I was supposed to add this to my #WednesdayWalk yesterday but rules are rules so this is all about this street art.
This is one of the works of my favorite artist, Venazir Martinez. Her first street art had got me intrigued. I'll probably be talking about that next time.
Venazir Martinez is a contemporary artist, visual arthropreneur and street muralist. The recent project she had together with several artists is the Sining Iskinita (Street Art) here in the city. I'll be featuring that one later too.
This particular art as you can covers the entire wall of the gasoline station and the fastfood that is found at PNR along Marcoville Street and Utility Road.
This wall features the different traditional attire of the Cordilleras: Benguet, Ifugao, Mountain Province, Abra, Apayao and Kalinga.
I was curious of the red strings that connects them all. This is part of Venazir Martinez' Hibla-bana. It only means that we may have different cultures within our region, different ways of life, different styles of weaving, we are still connected as one.
One particular thing that I have noticed though is this part near the waiting shed at the corner of the wall. I'm not sure if it was intentional that there was no face painted on one of them or because it was not finished. The others do have faces but it was faint. However, this is how it was since the mural was revealed to the public. My take is that it could be me or you or anyone else whose face is in there and that we are all one. We belong. I would like it that that was a mirror installed in the wall to drive that point better, if that was the reason of the artist.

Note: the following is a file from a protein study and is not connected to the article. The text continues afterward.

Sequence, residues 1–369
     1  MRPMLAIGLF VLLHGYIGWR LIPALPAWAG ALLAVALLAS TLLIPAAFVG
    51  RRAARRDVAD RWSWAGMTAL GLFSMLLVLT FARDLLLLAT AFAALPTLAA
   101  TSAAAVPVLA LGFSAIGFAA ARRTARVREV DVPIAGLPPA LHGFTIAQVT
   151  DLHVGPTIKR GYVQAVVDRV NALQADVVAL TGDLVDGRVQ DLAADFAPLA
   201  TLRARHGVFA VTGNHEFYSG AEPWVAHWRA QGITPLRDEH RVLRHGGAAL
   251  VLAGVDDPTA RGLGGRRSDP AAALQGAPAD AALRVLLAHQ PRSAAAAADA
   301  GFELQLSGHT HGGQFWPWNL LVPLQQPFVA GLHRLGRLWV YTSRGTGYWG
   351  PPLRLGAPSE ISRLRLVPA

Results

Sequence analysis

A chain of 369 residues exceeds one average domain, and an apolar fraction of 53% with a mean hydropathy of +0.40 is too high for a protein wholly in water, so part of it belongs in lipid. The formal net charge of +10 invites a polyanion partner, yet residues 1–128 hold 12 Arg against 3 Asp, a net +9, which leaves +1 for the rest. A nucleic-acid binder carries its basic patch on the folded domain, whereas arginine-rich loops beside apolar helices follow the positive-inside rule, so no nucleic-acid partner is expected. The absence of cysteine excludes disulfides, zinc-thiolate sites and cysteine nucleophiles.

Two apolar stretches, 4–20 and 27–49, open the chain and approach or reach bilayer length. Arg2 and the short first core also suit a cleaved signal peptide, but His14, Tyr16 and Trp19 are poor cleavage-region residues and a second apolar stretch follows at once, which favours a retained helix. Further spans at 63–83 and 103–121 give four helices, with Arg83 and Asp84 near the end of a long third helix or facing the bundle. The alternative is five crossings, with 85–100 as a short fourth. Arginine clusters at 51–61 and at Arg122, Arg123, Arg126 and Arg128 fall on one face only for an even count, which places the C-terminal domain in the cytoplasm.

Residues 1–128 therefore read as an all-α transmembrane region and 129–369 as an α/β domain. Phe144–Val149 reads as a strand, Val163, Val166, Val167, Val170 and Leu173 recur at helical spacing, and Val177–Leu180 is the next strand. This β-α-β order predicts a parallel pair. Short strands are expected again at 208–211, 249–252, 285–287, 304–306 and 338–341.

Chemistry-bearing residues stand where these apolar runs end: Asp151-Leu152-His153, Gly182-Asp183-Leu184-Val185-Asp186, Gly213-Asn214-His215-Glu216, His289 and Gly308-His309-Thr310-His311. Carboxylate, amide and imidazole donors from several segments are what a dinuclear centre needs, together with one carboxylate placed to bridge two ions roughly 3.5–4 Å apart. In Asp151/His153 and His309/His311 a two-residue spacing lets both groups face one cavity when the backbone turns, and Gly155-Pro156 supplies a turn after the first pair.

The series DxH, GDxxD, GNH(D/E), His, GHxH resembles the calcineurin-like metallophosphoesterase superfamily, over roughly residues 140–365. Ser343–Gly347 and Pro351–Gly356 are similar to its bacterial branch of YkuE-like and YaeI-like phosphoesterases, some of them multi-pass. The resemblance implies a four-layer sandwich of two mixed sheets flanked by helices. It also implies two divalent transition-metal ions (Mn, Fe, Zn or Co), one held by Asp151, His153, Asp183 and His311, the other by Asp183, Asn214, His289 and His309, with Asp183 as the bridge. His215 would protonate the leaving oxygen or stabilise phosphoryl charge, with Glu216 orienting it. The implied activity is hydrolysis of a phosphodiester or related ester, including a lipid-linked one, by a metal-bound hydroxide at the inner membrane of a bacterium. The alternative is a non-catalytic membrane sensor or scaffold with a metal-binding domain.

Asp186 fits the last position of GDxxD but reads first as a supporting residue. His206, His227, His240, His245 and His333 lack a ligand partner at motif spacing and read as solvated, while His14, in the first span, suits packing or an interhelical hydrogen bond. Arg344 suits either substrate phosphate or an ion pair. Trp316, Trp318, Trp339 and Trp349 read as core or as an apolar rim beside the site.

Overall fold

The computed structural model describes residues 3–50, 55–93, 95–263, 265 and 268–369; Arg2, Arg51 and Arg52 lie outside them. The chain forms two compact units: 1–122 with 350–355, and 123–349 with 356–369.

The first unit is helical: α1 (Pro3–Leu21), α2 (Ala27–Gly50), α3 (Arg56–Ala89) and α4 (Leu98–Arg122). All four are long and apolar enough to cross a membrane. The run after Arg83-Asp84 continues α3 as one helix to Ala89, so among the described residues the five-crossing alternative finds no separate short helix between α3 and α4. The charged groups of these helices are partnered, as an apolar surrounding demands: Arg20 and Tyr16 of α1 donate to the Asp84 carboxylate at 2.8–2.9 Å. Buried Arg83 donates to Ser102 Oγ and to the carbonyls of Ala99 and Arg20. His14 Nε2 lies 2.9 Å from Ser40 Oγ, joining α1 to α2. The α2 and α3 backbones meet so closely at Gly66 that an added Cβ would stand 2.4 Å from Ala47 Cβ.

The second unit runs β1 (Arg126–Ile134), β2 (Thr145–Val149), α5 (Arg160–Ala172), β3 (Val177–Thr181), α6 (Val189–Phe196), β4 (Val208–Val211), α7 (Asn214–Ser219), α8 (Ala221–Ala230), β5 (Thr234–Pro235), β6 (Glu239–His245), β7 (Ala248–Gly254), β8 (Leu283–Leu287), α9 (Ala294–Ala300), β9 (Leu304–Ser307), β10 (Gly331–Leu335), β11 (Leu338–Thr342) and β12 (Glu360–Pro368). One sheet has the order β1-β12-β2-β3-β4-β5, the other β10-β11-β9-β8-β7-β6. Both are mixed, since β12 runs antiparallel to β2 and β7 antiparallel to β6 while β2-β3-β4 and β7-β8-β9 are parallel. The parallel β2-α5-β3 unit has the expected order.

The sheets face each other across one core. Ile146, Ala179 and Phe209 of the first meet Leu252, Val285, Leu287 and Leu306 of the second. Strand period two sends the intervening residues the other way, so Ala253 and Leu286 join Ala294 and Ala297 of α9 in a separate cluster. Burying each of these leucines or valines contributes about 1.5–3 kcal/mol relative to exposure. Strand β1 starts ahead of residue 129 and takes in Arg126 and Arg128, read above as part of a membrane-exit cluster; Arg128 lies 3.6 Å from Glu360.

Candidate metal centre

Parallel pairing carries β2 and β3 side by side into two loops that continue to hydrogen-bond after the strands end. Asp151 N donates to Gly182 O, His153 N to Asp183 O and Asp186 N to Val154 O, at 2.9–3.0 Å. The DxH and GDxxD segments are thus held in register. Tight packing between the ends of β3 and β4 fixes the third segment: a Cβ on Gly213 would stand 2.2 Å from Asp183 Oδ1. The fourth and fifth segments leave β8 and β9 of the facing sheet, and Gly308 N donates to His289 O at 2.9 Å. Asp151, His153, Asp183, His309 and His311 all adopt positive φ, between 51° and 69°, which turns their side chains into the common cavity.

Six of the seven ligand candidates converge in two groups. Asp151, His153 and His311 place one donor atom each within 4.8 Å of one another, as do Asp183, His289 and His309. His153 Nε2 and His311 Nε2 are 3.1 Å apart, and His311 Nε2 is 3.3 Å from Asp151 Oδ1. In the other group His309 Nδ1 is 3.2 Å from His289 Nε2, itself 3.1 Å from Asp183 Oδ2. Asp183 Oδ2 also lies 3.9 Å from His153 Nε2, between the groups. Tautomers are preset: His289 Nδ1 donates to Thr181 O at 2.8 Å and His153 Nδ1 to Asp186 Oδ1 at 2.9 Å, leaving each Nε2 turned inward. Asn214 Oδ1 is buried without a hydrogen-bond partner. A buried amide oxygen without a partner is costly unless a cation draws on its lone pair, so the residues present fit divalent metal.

Which makes me question why would you left your work unfinished before moving on to other projects? Which makes me strongly believe that is the purpose of that faceless painting.
Here are the paintings on the rest of the wall. In one particular part of the wall are girls with modern attire that look like teachers or students or office employees. For me at least it looks like modern clothes. All the rest depicted there wore traditional attires.
I would like to think that modern and tradition can come together to make a better future. We should not forget who we truly are or where we are from. That keeps us unique and have our own identity.
I was kind of disappointed when I got here because I couldn't get a better picture of them all. Most of paintings are blocked by the jeepneys and tents and other vehicles. This is a jeepney terminal though so that's understandable but I was hoping that at that early hour it would have been unobstructed. Also, the electric wires are a nuisance too but that cannot be helped.
This is not the original painting that was here but these ones:
These photos were taken three years ago I believe before it was changed to what it is now. I was excited when I saw these. I was not aware that these exist back then not until someone posted about it online. Honestly, it is in social media that I come across such and that is one of the things I appreciate about it. I look out for events in the city that I want to be part of.
I honestly like the current one better because it is more inclusive and showing the rich, colorful culture of the Cordillerans.
If you have street art in your area, come and show them.
All photos are mine